To the St. John's Eve affairs held at the lake or along the bayou she would invite numerous guests, perhaps in an attempt to prove she had nothing to hide. These included the police, the press and any interested party willing to donate a small admission fee. There were, of course, other secretive meetings open only to the serious Zombi worshippers. Here was most likely revealed that facet of the Laveau character which she would have hidden from the public, but of which there remains much conjecture.

Marie's most legendary work was perpetrated from her modest but famous cottage on St. Ann Street. Acquired about 1830, records specify that this was payment for the working of some gris-gris which prevented the son of a wealthy and prominent family from going to jail for a crime which he appeared quite likely to have committed. <17>

One of the dualities of the Laveau character is a "wicked witch/angel of mercy" contrast. Her association with voodoo gained her the reputation of an evil old conjuring woman, while others were impressed by her works of kindness. In the 1850s she began to visit prisoners on a regular basis, and she had also nursed victims of an earlier yellow fever epidemic. <18>

A further duality of character lies in the fact that there were indeed two Marie Laveaus. As previously noted, the Widow Paris had a daughter by one Christophe Glapion, with whom she had many children. This second Marie was born on February 2, 1827, <19> and many people have confused the two. The actual date the daughter assumed the role held by the mother is not known, as the transition seems to have been a gradual one. One might infer that such a change began around the 1850s because of references to Marie Laveau's youth and beauty at a time when the widow would have been in the autumn of her years.

This second Marie was more widely feared than the first. While much of her reputation was based on her mother's exploits, her personality still appears to have been more severe, according to Robert Tallant. <20> None of the warmhearted ness demonstrated by the elder Marie, who visited prisoners and nursed the sick, seems to have been passed on to her daughter. Like her mother, she was a shrewd businesswoman and maintained a lucrative practice, although she would not usually charge a client more than he could afford to pay. She distributed business cards on which were printed her name, address, and profession, not as voodooienne, but as "healer." <21>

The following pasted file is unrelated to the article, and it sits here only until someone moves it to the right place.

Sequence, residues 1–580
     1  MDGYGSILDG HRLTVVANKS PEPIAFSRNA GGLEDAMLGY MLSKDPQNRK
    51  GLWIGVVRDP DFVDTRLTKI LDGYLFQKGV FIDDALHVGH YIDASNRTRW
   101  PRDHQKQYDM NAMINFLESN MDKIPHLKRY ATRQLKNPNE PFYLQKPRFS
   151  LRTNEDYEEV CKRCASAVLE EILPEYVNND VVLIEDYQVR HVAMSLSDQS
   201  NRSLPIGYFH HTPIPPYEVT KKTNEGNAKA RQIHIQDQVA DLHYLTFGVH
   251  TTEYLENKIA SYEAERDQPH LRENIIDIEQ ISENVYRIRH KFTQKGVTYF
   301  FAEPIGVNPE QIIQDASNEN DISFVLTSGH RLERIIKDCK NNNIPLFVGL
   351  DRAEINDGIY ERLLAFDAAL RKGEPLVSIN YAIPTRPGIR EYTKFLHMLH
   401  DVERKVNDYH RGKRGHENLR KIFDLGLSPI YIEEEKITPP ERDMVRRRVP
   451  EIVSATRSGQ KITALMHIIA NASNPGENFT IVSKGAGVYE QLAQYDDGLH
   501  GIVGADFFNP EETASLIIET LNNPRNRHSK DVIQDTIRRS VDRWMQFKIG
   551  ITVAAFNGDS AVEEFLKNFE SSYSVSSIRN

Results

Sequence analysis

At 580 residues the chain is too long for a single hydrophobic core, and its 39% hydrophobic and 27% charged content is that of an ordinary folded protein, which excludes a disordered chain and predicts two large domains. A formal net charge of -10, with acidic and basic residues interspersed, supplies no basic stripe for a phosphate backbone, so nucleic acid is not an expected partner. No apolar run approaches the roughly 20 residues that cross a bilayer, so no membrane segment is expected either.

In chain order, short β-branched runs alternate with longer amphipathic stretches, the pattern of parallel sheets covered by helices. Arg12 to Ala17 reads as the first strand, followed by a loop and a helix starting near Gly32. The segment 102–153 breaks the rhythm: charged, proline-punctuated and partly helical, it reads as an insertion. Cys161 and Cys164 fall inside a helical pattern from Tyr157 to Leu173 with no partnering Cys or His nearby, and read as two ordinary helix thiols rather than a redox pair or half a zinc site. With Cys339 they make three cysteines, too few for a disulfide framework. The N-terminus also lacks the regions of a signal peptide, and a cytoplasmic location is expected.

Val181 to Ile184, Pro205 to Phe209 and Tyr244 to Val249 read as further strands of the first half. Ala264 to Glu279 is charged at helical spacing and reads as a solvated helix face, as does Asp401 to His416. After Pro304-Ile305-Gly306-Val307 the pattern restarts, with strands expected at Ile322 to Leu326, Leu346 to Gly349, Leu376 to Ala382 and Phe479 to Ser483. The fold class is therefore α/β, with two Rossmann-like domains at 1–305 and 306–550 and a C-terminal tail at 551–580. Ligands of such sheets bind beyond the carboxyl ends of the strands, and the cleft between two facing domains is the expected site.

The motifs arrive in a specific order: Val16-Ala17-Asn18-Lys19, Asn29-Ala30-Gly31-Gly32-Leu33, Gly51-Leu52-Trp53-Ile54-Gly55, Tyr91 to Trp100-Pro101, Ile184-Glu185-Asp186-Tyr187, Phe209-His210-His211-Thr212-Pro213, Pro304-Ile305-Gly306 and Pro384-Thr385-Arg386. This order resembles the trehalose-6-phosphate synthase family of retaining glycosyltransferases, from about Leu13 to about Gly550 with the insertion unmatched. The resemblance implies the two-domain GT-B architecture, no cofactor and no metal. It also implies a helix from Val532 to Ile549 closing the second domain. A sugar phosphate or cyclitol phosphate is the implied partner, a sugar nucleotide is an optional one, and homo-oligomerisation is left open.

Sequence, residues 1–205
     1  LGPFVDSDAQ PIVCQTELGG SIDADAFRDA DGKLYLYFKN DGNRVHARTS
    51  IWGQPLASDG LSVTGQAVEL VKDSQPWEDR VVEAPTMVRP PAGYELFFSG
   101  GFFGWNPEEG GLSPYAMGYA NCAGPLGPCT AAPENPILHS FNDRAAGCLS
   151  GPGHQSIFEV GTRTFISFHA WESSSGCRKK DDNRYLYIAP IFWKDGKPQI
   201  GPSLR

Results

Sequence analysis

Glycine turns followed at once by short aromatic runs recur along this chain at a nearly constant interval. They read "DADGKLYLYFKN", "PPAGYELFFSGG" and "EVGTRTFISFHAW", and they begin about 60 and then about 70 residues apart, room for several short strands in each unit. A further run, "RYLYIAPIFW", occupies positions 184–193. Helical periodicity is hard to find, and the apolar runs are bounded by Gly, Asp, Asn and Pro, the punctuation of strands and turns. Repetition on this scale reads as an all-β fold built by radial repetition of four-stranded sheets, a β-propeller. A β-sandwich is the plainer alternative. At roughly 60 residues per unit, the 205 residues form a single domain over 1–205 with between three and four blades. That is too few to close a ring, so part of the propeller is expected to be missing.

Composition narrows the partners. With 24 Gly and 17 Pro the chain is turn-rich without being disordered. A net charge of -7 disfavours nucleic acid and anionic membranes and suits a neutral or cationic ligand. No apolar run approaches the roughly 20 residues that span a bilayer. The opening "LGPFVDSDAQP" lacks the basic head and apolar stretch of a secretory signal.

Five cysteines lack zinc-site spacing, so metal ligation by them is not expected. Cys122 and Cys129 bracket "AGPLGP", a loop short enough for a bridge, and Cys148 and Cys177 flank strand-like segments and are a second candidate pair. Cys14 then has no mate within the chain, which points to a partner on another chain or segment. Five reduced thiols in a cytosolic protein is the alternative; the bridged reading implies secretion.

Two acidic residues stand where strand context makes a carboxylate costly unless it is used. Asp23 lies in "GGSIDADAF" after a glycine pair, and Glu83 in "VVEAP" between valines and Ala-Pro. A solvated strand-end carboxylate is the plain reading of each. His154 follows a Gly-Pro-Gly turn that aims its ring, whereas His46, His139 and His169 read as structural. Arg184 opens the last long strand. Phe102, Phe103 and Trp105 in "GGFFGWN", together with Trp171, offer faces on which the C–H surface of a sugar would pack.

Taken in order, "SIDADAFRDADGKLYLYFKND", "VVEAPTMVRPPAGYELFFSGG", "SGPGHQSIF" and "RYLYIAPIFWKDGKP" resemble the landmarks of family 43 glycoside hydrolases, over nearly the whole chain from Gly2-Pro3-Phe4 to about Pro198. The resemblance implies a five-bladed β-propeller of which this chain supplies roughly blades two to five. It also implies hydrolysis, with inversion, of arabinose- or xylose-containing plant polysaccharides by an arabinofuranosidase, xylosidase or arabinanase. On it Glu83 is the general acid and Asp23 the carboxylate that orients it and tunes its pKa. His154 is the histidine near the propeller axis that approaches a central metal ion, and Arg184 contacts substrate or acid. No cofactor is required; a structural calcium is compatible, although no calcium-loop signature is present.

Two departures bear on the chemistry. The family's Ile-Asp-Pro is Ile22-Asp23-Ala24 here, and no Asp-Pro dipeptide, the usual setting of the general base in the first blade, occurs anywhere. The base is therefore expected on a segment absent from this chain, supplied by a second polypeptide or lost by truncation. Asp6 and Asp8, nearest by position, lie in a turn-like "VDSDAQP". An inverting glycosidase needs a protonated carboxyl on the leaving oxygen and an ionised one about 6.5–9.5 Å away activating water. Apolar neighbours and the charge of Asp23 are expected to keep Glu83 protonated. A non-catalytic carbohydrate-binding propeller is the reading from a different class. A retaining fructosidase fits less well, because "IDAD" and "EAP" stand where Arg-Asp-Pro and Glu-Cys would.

Curiously, there is no further mention of the second Marie in any legal document following her mother's death. It must incidentally be mentioned that the Widow Paris underwent a startling conversion prior to her death in 1881. She returned to Catholicism, rejecting Zombi and all his associations and denying any involvement with the cult. The circumstances surrounding her daughter's fade from public view are largely speculative. The generally accepted theory is that another daughter of the Widow, one Madame Legendre. <22> So abhorred the family association with voodooism that she booted her sister into the street, the quicker to set about removing the taint from the family tree.

Expulsion from St. Ann Street spelled trouble for the younger Marie Laveau. It proved debilitating to her career, as the cottage had so long been a veritable voodoo store, almost as legendary as the Laveaus themselves. No one knew where to find the voodoo queen; if they went to the cottage, her sister would shut the door in their faces. From the 1880s reports begin to grow fewer and farther between until Marie Laveau finally faded into history. Authorities do not agree on the date or circumstances surrounding her death as no records of the kind exist. <23> From the glory of her early years she drifted into obscurity. But long after her death she is still remembered and often with keen interest. To her people and to most New Orleanians, besides being the Voodoo Queen, she was the very identity of the cult in New Orleans.

Improbable as it is today that anyone would find such a thing in the newspapers, there were often small paragraphs in the early 20th century newspapers which confirm that voodoo had not disappeared with Marie Laveau. Such accounts were sparse during the World War I because of the more critical issues to be reported. But in years following the war, reports of charms, curses and an occasional murder associated with the cult found its way into the news. The latter usually caused quite a stir.